Academic success is very important, but so is treating others with respect and kindness. We want our classroom to be a safe place where we “stick together,” build each other up and can be ourselves.

You can grab these Bulletin Board Templates in my Teachers Pay Teachers (TPT) store. In addition, here’s a great lesson plan for teachers: First Day Friendship Building.

9 Tips for Encouraging Kindness in the Digital Age

by Marianne Kelley | Lakeshore Professional Development Specialist 

All babies are born with the capacity for empathy. However, spending too much time using devices such as smartphones, tablets and TVs can weaken this skill. That’s why it’s important to help children practice kindness and caring from an early age, especially in our constantly connected world.

Now this doesn’t mean we should block kids completely from using technology! To encourage kindness in our digital world, we adults simply need to set rules for media usage, monitor kids’ online interactions, use parental controls and, most importantly, set a good example.

We hope these tips will help you find new ways to nurture empathy.

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Tip 1: Build a vocabulary of words that describe feelings.  

  • Use simple words to describe the emotions of others. (Look at that lady’s beautiful smile; she must be very happy!)
  • Label your feelings and ask children to do the same.
  • Act out different scenarios and discuss how the people involved might be feeling.

Tip 2: Decode nonverbal cues by reading facial expressions and body language.

  • Help children learn to read nonverbal cues by pointing out specific examples. Ask kids how someone who is crying might be feeling, and encourage them to think of ways they might help.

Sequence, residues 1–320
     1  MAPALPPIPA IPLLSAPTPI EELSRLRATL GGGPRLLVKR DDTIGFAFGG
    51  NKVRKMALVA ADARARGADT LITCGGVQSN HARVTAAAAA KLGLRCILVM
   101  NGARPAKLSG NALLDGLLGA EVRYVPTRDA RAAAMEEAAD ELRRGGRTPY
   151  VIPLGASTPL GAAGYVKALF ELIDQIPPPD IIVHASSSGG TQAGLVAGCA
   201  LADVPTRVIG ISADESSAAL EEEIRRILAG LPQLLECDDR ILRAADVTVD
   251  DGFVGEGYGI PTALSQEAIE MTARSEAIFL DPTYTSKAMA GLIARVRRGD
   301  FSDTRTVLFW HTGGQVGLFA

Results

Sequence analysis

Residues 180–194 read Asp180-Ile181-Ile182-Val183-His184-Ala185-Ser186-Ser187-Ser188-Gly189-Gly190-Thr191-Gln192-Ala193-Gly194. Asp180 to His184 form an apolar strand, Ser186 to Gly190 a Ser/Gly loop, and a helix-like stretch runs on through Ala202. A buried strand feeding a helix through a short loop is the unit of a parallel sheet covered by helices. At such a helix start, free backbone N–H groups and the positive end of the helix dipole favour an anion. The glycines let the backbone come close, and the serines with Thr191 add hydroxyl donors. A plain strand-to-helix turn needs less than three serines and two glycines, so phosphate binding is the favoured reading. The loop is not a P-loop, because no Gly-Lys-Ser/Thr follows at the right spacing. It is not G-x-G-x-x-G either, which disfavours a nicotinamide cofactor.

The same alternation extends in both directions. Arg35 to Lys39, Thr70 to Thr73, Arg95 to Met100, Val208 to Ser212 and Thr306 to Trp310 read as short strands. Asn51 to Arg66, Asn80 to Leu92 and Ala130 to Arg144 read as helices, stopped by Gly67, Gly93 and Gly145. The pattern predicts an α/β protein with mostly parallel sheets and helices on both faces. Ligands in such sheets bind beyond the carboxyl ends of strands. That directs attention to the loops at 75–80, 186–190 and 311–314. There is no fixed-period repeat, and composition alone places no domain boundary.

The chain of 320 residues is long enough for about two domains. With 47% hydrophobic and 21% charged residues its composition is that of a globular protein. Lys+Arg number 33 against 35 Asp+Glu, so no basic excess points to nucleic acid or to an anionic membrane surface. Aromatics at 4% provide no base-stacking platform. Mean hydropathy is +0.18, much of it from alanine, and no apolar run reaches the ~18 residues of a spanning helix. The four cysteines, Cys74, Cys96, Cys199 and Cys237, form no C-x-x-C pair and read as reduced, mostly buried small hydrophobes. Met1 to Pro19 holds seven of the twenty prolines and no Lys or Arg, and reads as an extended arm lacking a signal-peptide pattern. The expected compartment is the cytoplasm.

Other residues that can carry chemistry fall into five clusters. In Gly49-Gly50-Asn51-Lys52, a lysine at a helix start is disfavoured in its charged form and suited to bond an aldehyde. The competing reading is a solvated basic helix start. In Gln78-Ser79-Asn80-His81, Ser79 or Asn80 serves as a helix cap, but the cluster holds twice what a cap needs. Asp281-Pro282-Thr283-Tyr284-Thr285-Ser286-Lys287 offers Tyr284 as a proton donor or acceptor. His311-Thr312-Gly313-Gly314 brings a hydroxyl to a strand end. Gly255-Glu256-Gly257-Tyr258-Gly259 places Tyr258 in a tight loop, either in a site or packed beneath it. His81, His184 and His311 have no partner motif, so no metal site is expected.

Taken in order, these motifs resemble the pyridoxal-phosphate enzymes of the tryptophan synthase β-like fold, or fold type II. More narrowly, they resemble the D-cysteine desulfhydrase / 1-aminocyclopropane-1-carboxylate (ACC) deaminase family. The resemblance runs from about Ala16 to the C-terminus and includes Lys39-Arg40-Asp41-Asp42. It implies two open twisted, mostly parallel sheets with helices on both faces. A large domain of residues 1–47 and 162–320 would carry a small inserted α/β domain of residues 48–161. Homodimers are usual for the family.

Tip 3: Work emotional words into everyday life.

  • Work more emotional words into your discussions with children. (I’m so happy to see your smiling faces today!)
  • Encourage children to use more emotional words each day. They can even practice identifying emotions in themselves using our Moods & Emotions Mirrors.

Tip 4: Watch movies without sound.

  • As you watch, ask kids to guess the characters’ feelings based on their facial expressions, movements and more.

Tip 5: Read!

Tip 6: Model empathetic behavior. 

  • Start volunteering, and be sure to discuss your experiences with children.
  • When you’re upset, happy, sad, mad, etc., label and explain your feelings. If you’re uncomfortable sharing your own feelings, model emotions with our Feelings & Emotions Washable Dolls. Use them to act out scenarios that will help children understand different emotions.

Tip 7: Incorporate empathy into your discipline style.

  • When children require discipline, prompt them to consider how their actions affect others. For example, if the negative behavior involved pushing, ask the child how it feels to be pushed.

Tip 8: Give back.  

  • As a group or team, collect toys and clothing to give to shelters or charities.
  • Ask kids to share their ideas for helping the community.

Tip 9: Follow the golden rule.

  • Treat others (and animals) as you want to be treated—all day, every day.
  • Give kids specific examples of the golden rule in action with our Learning to Get Along Book Set. These books walk kids through sharing, listening, resolving conflicts and more.

And never forget the best way to inspire kindness in children—getting involved and showing them you care!